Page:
Monday, 18 September 2017

Spicy Phonics


Two weeks ago I started teaching in a new school.  Well, not brand new, but new to me.  And I started teaching Spanish there, so now I am teaching Spanish in both my schools and no French anymore.  My Year 6s there have already done three years of French, and I have a year in which to get them to substantial progress in Spanish.  So I am having to come up with ways to move them on quickly.

The first thing we are doing is a big push on phonics, starting with ñ, silent h, ll and accented vowels.  I have started with these sounds because we met them in the first words of the first Spanish lesson - español, hola, me llamo and adiós.

Like me, you may have come across Takeaway Homework.  Indeed my Y10 daughter brought home her first one last week, for English.  It gave me the idea for this phonics activity, where the words all contain the relevant phonemes, but are graded according to their length and relative difficulty.  Therefore the children can choose whichever number of chili peppers they want, whichever one they feel comfortable with, to read aloud to practise the phonemes.  Whichever one they choose, they are still practising the sounds.  It also means I can use the same resource with Year 3 all the way through to Year 6.  Less printing and less laminating, and we can always revisit it.

So we are doing the above one first and will then be using this one once we have learned the numbers 1 to 10:

If you'd like to use them yourself, you can download them from here.  They will be equally useful for Key Stage 3 beginners, I'm sure!

Can you think of any other activities that could be made "spicy" in this way?

Sunday, 23 July 2017

130 Activities for the Languages Classroom


A week ago I finished and published this resource.  It was inspired by a teacher on the Secondary MFL Matters Facebook group who had been asking if there was a list of activities anywhere, and by other colleagues who have been saying for a while "You should write a book!"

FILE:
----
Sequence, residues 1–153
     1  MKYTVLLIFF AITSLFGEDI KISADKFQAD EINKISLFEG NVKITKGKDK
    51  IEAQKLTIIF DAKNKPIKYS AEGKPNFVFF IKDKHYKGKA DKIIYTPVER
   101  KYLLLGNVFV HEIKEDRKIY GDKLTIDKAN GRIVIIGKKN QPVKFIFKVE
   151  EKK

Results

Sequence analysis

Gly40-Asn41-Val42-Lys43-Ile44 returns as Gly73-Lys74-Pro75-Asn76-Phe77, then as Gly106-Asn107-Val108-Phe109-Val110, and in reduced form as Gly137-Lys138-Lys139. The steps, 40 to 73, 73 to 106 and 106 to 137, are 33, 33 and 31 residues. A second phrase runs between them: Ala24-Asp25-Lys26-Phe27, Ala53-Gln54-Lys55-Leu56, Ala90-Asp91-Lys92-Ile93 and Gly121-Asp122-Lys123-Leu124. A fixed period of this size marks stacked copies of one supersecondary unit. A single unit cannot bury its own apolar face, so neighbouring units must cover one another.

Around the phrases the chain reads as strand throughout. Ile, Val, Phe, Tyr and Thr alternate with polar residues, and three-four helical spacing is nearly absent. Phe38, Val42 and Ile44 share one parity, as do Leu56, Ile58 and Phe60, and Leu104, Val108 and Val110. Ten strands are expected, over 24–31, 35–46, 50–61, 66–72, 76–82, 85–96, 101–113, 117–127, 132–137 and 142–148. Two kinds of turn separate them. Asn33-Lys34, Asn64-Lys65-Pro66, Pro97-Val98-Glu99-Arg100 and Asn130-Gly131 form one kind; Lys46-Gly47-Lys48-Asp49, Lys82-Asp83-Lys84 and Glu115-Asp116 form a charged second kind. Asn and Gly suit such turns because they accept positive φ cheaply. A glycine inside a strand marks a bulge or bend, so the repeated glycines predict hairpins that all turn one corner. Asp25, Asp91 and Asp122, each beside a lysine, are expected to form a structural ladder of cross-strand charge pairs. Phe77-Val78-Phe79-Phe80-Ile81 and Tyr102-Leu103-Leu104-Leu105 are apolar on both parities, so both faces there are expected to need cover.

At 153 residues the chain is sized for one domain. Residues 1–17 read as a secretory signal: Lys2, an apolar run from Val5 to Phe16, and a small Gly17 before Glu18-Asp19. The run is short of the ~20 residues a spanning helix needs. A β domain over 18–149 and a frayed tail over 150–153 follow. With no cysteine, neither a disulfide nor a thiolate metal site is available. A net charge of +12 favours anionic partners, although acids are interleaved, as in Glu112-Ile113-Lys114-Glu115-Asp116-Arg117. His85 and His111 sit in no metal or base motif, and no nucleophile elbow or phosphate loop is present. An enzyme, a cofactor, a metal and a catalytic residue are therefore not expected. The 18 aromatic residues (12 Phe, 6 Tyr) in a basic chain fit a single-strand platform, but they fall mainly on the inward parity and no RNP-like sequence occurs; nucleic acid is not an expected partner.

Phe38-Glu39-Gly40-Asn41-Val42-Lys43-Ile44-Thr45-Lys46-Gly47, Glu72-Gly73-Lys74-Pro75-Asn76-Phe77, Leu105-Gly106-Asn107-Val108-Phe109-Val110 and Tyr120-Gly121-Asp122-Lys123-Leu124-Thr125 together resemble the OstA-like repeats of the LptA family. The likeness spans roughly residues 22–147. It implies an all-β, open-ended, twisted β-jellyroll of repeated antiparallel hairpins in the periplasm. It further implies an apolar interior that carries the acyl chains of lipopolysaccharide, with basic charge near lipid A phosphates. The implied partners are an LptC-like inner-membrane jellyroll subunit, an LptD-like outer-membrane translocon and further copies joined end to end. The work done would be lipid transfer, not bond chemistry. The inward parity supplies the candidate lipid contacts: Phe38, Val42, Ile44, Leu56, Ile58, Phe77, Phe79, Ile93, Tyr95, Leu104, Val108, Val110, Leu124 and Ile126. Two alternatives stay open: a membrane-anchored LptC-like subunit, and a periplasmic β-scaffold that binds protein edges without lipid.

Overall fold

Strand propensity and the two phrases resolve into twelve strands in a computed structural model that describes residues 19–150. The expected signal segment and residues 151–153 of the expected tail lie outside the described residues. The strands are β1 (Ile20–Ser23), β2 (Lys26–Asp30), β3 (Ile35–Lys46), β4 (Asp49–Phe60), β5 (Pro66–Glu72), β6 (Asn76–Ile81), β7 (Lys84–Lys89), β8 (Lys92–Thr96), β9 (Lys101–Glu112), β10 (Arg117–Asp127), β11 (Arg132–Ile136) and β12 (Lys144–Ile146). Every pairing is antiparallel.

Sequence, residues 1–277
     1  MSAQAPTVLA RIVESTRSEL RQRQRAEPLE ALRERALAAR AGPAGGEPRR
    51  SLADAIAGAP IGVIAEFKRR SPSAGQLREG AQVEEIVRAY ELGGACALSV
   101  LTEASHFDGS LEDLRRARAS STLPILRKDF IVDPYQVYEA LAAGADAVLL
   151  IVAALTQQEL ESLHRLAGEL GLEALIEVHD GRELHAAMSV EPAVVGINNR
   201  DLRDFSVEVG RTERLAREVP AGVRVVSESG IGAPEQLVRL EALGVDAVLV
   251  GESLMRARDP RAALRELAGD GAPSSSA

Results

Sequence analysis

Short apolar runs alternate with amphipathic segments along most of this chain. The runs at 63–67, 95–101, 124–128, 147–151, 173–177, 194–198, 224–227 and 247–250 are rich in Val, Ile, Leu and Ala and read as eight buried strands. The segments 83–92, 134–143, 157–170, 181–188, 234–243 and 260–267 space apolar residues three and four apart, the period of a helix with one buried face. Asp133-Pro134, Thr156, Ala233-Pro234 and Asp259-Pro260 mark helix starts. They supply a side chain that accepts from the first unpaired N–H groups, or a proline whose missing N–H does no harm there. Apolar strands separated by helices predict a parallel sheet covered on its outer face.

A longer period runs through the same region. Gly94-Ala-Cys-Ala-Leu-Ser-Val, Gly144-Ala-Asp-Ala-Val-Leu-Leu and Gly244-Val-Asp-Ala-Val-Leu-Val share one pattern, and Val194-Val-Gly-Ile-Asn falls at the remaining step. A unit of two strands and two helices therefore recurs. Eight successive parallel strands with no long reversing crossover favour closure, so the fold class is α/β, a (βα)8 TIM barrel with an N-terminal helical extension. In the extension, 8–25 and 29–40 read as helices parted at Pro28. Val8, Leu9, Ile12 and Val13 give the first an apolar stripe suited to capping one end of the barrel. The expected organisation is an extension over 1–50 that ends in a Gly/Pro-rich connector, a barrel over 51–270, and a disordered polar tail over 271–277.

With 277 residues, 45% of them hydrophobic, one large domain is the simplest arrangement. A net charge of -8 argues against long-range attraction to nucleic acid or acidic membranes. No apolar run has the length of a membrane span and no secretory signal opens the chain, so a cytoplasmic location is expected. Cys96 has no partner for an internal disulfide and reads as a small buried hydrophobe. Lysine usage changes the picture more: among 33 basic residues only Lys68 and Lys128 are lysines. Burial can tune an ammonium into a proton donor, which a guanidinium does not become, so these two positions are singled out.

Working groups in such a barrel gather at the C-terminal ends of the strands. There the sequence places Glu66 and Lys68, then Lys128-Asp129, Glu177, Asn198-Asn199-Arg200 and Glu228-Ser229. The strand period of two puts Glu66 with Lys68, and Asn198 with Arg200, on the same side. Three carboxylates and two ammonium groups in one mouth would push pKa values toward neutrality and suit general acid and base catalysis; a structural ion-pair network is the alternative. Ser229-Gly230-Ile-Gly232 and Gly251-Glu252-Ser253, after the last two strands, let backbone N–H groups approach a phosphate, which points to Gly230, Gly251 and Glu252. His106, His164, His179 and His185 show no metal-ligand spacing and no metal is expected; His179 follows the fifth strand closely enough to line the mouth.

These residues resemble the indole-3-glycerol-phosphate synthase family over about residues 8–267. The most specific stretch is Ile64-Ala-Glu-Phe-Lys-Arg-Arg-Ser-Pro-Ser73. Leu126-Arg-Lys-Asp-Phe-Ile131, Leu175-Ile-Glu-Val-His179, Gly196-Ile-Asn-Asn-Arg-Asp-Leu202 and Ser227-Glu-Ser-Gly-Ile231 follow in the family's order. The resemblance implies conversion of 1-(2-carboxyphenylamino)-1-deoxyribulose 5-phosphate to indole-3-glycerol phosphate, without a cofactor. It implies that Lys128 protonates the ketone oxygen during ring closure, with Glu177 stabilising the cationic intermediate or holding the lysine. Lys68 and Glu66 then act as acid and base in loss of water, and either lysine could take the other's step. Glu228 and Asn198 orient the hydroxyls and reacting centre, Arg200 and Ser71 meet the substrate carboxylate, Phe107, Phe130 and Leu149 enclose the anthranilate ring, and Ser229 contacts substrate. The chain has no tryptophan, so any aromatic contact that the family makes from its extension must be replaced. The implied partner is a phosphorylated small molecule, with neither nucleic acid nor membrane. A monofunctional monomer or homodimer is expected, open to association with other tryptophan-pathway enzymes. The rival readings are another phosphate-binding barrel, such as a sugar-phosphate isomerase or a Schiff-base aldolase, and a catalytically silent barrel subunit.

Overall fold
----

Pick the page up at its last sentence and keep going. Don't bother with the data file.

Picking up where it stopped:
All the activities listed and described are ones that I have used in the classroom or blogged about or both.  It was originally going to be called "150 Activities.." based on my original list, but the list was reduced when I saw that some activities could be put together.

Each activity has a key to show which skills it addresses - Listening, Speaking, Reading, Writing, Vocabulary, Grammar, Phonics or Translation.  Here is an example of one of the activities:

It's available from my Sellfy shop now. I hope you like it, and that you find there some activities that you didn't know about, as well as some that you did know about but had forgotten.

Saturday, 22 July 2017

Clozemaster


A few days ago I saw this tweet from Lindsay Williams (@LDLanguages):


I asked her about how Clozemaster works, liked the sound of it and had a search for it.  Very luckily there is an Android app!  There is also a web interface, and I presume there is a fruit-based app also.

I've mentioned before that I am learning German at the moment (daughter #1 begins her GCSE German course in September) and so far have been using Duolingo and Stimmt 1.  

Here's how it works.  You need to sign up for an account and give yourself a username.  Then you choose the language you want to work on.  This is my dashboard: